The North American Defense Ministers meeting in March was a step toward the NAU. On March 27, 2012, the Defense Ministers of Canada, the United States and Mexico met in Ottawa. Attendees at this inaugural trilateral meeting included U.S. Secretary of Defense Leon Panetta and his counterparts from America’s neighboring nations.
On March 27, 2012, the Defense Ministers of Canada, the United States and Mexico met in Ottawa. Attendees at this inaugural trilateral meeting included U.S. Secretary of Defense Leon Panetta and his counterparts from America’s neighboring nations. Canadian Defense Minister Peter MacKay said that because the three countries “share common challenges and concerns,” there must be formalized “cooperation between our three countries.” Neither he nor the other defense chiefs mentioned the more ambitious goal of forming a sovereignty-canceling North American Union (NAU). But there can be little doubt that this is precisely what they had in mind.
Plans to destroy the independence of the Western Hemisphere nations on the way to a UN-controlled world government have been around for decades. Though these designs have long simmered in the minds of the globalists, movement toward the goal formally began with the proposed Free Trade Area of the Americas (FTAA) signed by Bill Clinton in 1994. Patterned after NAFTA, the FTAA uniting 34 nations in the Western Hemisphere, said Mr. Clinton, could be established by 2005. Successor George W. Bush repeated the 2005 target date in speeches soon after he took office in 2001. It was “free trade” that the two presidents and their globalist allies expected to employ in order to compromise independence and take a huge step toward world government. The FTAA’s “Declaration of Principles” openly stated the pact’s subservience to the UN.
But a huge campaign of opposition, led mainly by our Society, put a halt to the plan and persuaded the FTAA enthusiasts to slow down and regroup. Instead of promoting a union of 34 nations, they decided to focus on building a North American Union (NAU)
among Canada, the United States, and Mexico. The loudest cheerleader for the NAU turned out to be American University professor and Council on Foreign Relations member Robert A. Pastor. His effort received strong assistance from the CFR and its president, Richard Haass.
Robert Pastor’s personal history supplies a key to understanding how subversive this drive for the NAU truly is. In the mid-1970s, he served as the executive director of the commission that called for turning over the U.S. Canal in Panama to the Panamanian government led by Communist Omar Torrijos. President Clinton later named him as our nation’s ambassador to Panama, but that appointment was blocked by Senate Foreign Relations Committee Chairman Jesse Helms (R-N.C.).
In 1989, Pastor co-authored a book with Mexican diplomat Jorge Castañeda, an early member of Mexico’s Communist Party. Castañeda also authored a favorable biography of Che Guevara, the Latin American revolutionary who greatly aided Communist Fidel Castro in the takeover of Cuba. Pastor’s colleague then became a key figure in the administration of Mexico’s President Vicente Fox, and the two Mexicans aggressively advocated an open U.S.-Mexico border while championing the so-called rights of illegal immigrants within the United States.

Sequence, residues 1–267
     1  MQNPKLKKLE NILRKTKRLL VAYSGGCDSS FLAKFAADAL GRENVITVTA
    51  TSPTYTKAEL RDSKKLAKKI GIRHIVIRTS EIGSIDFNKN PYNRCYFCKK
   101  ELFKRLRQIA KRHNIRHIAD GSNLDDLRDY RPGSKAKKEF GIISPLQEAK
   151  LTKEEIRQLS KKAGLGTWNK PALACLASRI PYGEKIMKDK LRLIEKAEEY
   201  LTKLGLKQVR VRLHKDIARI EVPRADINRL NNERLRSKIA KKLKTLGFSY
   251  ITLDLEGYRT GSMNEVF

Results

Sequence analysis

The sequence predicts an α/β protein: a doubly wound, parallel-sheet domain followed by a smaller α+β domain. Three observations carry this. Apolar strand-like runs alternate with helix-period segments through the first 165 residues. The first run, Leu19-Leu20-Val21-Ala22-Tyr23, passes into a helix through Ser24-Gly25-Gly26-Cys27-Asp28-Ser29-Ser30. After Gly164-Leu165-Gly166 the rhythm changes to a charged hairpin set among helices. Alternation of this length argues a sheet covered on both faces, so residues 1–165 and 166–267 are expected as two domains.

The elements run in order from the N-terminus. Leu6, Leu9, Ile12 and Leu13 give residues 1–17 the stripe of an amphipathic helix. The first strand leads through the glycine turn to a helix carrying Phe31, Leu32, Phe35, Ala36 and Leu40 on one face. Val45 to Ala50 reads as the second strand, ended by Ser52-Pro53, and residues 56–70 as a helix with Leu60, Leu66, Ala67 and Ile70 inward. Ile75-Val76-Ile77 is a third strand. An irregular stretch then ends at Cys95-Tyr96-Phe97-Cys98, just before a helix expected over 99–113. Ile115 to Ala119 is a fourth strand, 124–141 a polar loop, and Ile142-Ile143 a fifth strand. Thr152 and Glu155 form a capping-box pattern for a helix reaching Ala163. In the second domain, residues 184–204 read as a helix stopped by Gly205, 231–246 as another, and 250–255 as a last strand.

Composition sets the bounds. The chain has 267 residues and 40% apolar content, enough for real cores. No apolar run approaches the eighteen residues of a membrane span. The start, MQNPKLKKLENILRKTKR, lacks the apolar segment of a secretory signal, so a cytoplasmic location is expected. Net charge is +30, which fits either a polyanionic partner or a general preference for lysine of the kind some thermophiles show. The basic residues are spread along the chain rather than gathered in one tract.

The author of more than a dozen books and articles, Pastor’s thoughts are regularly published in Foreign Affairs, the journal of the Council on Foreign Relations. He was welcomed to membership in this seat of the internationalist Establishment in 1997. Several of his works in which he shared authorship with Castañeda have appeared in the CFR’s flagship publication.
Previously focusing on a merger between only the United States and Mexico, Pastor wrote Toward a North American Community: Lessons From the Old World for the New in 2001. He was now including Canada in the overall plan, even proposing creation of a new currency called the Amero. In one of his Foreign Affairs articles appearing in 2004, he boldly called for terminating national sovereignty, stating that “evidence suggests that North Americans are ready for a new relationship that renders the old definition of sovereignty obsolete.”
By 2005, Pastor had become the chief author of the CFR report Building a North American Community
, a summary of the work of a 31-member task force made up of globalists from the three countries. This report urged a more comprehensive North American military force, financial aid to Mexico, a North American court and a companion lawmaking authority, and several more entanglements for the three countries. When testifying before the U.S. Senate Foreign Relations Committee, he brazenly referred to “North Americans,” not to Mexicans, Americans and Canadians.
In 2011, Pastor issued another book The North American Idea: A Vision for a Continental Future. Amazingly, he denied that he ever intended to form a North American Union. But his goal of uniting the three countries on the way to a New World Order led by the United Nations remains just as it has existed for the past 20-plus years.
We urge contact with incumbent members of Congress
and the many candidates for national congressional office to alert them to this scheme and obtain pledges from them to block it from ever becoming a reality. The independence of our nation is at stake and it must be preserved.
(This article was first published in the JBS Bulletin, September 2012.)
to order a pamphlet to educate others about the threat posed by the NAU scheme.)